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Synopsis: Carla, a left bank mixologist, adjusts to a dull roommate.

“I know you can hear me. There’s no need to pout,” Carla said upon entering their bedroom. “I merely went to the San Angelo Standard Times to advertise my elixir for aches and pains. Then I picked up my delivery of brown-glass bottles and labels,” she continued.

It was a hot day in July of 1884. She hated that George was sulking because she’d left without his permission earlier.

And George was not well.

Yesterday, she’d found him wandering around the property, as if looking for shade.

She lured him back inside and gave him water. Carla was beginning to think that George was losing his mind. Why else would he feel the need to escape their hut near the Concho River? It is too hot to hunt, she thought.

And he was in no condition to do much of anything; a feral cat in the neighborhood had given him cat-scratch-fever two days prior.

Certainly, her elixir could fix George’s infection. If only she could convince him to drink it.

They say that you can lead a horse to water, but you can’t make him drink.

Ah, but George was not a horse. He was her live-in friend of a few months.

“My dear, you know I seldom make errors, and even if I had made a mistake, there is no reason for you to slump. I know you will be well soon and fit enough to dominate your world,” she bellowed at the bedroom’s entrance.

She left the doorway to toil with her still. Her elixir was a secret recipe, handed down to her by her father. It required patient tending, as the temperature of the fire must be very accurate. She’d been collecting wood for a similar fire, months prior, when she happened to meet George.

Since then, they had been living together.

George was a great bedroom companion.

Her old dog, Juju thought otherwise. He had a habit of staring at George for long periods of time. This probably frustrated George. It is common for males to vie for a female’s attention, and George and Juju were no exception.

Carla made herself a cup of tea and read last Saturday’s newspaper. Her idea to have an advertisement for her elixir had been spur of the moment this morning. And her decision to leave the hut without so much as a word to George was, perhaps, unconventional in her mind.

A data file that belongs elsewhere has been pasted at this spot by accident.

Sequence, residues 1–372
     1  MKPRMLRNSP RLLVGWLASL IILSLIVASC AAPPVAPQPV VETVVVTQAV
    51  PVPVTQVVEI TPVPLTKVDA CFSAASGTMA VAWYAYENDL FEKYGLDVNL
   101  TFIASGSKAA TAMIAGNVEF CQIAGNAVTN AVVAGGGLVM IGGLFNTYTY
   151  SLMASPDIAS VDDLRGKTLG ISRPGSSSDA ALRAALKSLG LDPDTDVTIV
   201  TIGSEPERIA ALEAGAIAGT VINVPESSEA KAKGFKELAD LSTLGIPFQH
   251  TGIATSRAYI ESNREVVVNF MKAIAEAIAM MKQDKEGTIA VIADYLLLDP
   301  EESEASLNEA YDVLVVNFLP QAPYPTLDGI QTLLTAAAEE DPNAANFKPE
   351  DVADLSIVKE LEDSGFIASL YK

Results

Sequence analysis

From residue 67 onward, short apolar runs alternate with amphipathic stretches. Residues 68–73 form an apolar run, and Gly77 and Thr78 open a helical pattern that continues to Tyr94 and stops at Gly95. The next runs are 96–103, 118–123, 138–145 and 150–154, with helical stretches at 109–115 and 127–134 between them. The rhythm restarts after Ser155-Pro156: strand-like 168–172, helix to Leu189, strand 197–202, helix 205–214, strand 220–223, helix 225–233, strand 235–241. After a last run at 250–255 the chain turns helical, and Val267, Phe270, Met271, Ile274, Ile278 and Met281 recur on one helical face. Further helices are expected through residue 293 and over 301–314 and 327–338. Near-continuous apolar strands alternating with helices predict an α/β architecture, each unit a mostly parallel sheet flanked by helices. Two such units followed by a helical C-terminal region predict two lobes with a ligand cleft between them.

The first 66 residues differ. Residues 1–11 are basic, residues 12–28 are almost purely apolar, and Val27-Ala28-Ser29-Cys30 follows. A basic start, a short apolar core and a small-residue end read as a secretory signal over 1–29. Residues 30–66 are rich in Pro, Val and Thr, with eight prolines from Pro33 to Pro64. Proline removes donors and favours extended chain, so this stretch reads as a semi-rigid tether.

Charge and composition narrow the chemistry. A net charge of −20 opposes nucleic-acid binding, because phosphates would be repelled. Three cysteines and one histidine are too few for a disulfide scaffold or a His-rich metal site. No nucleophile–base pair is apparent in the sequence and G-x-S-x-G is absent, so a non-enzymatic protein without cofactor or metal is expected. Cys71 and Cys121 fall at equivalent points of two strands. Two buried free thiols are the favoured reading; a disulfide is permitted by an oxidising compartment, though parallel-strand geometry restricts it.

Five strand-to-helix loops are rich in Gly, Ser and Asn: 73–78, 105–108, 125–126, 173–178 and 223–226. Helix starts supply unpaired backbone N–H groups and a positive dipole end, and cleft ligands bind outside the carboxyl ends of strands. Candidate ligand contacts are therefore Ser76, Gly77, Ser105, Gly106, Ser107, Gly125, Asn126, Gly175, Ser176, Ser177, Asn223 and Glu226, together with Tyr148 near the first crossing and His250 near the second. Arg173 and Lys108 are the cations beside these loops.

As she rested on her chair, her aching feet began to throb.

“You know, I have to make this elixir for our livelihood. I know my craft takes a lot of my time away from you—what with the distilling, bottling, and labeling,” she shouted to the bedroom, as she began to inscribe labels at the little table.

Still no reply from George—

Is he asleep? She wondered, as she continued carefully writing on the labels.

“Someday I’m going to be so successful that I will have the labels printed at the newspaper office,” she said, as she began to mix water with powdered glue for the labels.

Still no reply from George—

Juju was napping on the floor beneath George. There was no attachment between the two males; it might even be that George and Juju hated each other. Carla wasn’t certain.

Later, Carla was gathering the alcohol for her elixir. She had multiple jars of steeped herbs and seeds on the shelf, as her recipe dictated. It came time to strain the concoctions and mix the liquids in the correct proportions with the booze.

“You know, I might have made a slight error today. And I mean a very slight fault by not telling you about my excursion this morning. But seriously, this pouting is boring me silly.”

She drank a spoonful of the elixir in her capacity as quality control.

“George, this batch seems to be my best. I feel like I can advertise it as healing warts and pink eye—as well as aches and pains.”

George was still silent. This frustrated Carla. How can I get him to quit being mad at me? She wondered.

“Well, I’m taking these filled bottles to the general store. I will be back shortly,” she eventually said, as she hoisted the wooden box of medicine on her hip. She sipped another spoonful of her potion from the bowl on the table. “Yes, this is my best batch ever,” she concluded.

“Now Juju, stay out of the solution while I’m gone,” she said. With that, she departed again.

When she left, Juju got up and went to the table to inspect the elixir. Upon licking some of it, he resumed his position on the dirt floor under George.

Juju thought, It is unlikely that George will ever forgive Carla for her blunder.

When Carla returned with some food from the store, she noticed that the table had been disturbed.

“Oh yes, you did it, George! You finally had some elixir. Did it boost your spirits and help your infection? I knew you’d come around to seeing that I’m just a woman who can make slip-ups. I promise I will always let you know when and where I go.”

Carla put away the flour, sugar, and bacon for which she’d bartered. Then she worked again with her still.

Eventually, she left word with the fellas that she was going to go to the mill to get more corn for her mash. Juju got up and walked her to the door.

“You are such a good boy, Juju.” She petted him.

“George, I love you and am sorry I made you so angry today,” she yelled.

Then she left.

The lizard, George, was still motionless in his box habitat in the bedroom; he hadn’t moved a speck since morning.

It seems Carla no longer had two animals to love. Because when she had left early that morning, Juju and George fought for Carla.

And Juju won.

Satisfied, Juju carried dead George back to the woodpile.

Carla will recover, he thought.

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